Diamonds & digital assets

May 23, 2018 14:44
3 minute read.

Diamond. (photo credit: INGIMAGE)


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Since the dawn of time, diamonds have exerted an incredible fascination on human beings. The name derives from the ancient Greek word adámas , which means “proper, unalterable, unbreakable, untamed.” The discovery in the 19th century of massive diamond reserves in Africa, along with improvements in cutting and polishing techniques, made these solid carbon crystals synonymous with value, much in the same way gold was reserved for alchemists in the Middle Ages but became money once massive reserves were found in America.

Because the massive influx of diamonds came centuries after the influx of gold, the diamond industry developed more sophisticated ways to profit from this natural resource. Instead of stor ing diamonds in the vaults of national banks, the diamond industry came up with a utility for its product: jewelry – and private vaults – kept surplus stones away from the market.

With the monopoly of a single company and Madison Avenue slogans like “Diamonds are forever” the stones became perhaps the most valuable and stable resource on the planet.

Redefining value was a big part of the cryptocurrency revolution, started by Satoshi Nakamoto. Central banks print money out of thin air without the gold reserves to back them up. The value of a dollar is thus merely a convention. The same applies to the value of most cryptocurrencies, like Bitcoin and Ethereum, that is, their value is also based on a convention asserted by exchanges and not tied to the value of a product. That makes cryptocurrencies too volatile for mainstream adoption.

Probably inspired by his own name, Gabriel Diamant, a licensed investment consultant and mentor at the Technion’s start-up accelerator, thought there could be a way to connect the blockchain – which manages the database that records Bitcoin transactions – with diamonds. Diamant reached out to his friend Avishai Shoushan, the CEO of the mobile company AppGrade. The idea of the two Israeli entrepreneurs was simple: Capitalize on the Start-Up Nation’s long-term relationship with the diamond industry and come up with a solution for the volatility of cryptocurrencies. Together in 2017 they came up with the idea of the first cryptocurrency that would combine the stability of diamonds with the liquidity of cryptocurrency.

“We want to commoditize the diamond market,” said Shoushan. They decided to call the new token Carat, and they want to connect its value to the value of diamonds, and have that value reflected in cash equivalent reserves in investors’ vaults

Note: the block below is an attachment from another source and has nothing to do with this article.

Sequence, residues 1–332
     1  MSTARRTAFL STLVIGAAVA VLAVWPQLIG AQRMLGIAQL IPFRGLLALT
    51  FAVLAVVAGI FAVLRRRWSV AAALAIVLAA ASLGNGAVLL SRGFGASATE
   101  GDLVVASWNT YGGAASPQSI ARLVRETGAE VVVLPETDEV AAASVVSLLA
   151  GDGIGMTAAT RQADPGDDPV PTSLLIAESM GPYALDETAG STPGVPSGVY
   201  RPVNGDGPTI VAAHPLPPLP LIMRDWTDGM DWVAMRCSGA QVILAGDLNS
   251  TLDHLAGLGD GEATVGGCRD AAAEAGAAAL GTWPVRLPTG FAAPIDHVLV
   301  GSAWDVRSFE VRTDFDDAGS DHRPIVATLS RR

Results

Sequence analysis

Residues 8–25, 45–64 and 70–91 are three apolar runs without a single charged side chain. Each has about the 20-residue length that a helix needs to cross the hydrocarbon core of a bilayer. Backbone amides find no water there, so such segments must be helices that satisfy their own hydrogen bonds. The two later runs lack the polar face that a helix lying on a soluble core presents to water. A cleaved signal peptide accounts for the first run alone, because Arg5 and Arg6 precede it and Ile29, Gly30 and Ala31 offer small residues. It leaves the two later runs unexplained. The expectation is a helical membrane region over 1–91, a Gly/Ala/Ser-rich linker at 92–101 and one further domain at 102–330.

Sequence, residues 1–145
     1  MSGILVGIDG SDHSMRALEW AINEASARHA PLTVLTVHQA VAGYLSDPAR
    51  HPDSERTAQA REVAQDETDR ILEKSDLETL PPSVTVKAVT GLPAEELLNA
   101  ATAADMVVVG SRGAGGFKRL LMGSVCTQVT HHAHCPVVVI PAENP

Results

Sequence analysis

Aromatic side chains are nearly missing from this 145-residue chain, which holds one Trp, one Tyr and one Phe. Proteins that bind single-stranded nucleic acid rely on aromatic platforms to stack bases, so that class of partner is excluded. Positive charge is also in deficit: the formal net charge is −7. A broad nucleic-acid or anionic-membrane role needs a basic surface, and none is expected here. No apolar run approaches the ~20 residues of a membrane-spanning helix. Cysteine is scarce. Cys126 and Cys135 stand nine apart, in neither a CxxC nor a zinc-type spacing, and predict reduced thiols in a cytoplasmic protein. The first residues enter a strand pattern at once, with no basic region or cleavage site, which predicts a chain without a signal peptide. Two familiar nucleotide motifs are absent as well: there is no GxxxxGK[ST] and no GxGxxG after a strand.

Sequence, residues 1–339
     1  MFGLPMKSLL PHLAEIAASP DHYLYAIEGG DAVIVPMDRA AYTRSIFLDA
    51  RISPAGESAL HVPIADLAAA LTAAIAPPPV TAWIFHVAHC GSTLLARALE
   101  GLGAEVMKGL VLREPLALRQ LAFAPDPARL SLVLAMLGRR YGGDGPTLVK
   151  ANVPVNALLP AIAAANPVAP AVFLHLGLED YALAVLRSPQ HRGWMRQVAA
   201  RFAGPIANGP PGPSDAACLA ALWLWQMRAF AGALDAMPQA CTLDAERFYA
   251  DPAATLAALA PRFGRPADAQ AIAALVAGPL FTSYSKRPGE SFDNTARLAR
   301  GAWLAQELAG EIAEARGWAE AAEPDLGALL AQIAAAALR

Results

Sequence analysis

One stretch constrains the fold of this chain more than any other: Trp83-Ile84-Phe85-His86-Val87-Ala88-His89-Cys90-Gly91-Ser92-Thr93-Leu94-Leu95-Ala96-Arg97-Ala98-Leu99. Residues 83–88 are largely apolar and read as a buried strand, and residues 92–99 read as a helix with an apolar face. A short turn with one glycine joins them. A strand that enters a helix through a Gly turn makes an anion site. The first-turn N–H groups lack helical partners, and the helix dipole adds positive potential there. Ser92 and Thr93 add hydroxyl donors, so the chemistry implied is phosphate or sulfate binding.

Diamant and Shoushan are in the right place to do so. Ramat Gan houses a boosting tech center as well as one of the world’s biggest diamond exchange districts in the world, known as the “Bursa.” The price stability of diamonds might make Carat a very stable token. Why? Diamonds are the only major commodity without an established financial market. Seeing as the diamond market is currently worth approximately $80 billion a year, its untapped secondary market is easily worth several-fold more.

There is a lot of optimism in Israel about this revolutionary token. Moshe Asher, the head of the Israeli Tax Authority, has met the team. Some wondered if the aging investors of the diamond exchange would endorse the new coin. But the reception has been surprisingly good thus far. As the founder of Infinite Diam Patrick Saada, a well-known veteran of the diamond sector, explained: “I’m extremely excited by the opportunities presented by Carats’ initiative to integrate the diamond industry on the blockchain. In my opinion, Israel’s famed ‘Bursa’ is an ideal location to see this initiative gain traction and prove its real-life use.”

The pre-sale of the Carats token began in early April. It raised $1.6 million in the first financing round and the company says that they are registering large subscriptions for the token through the Carats website. These numbers raised hopes for the coin creators, since there won’t be a cap to the number of coins being issued.

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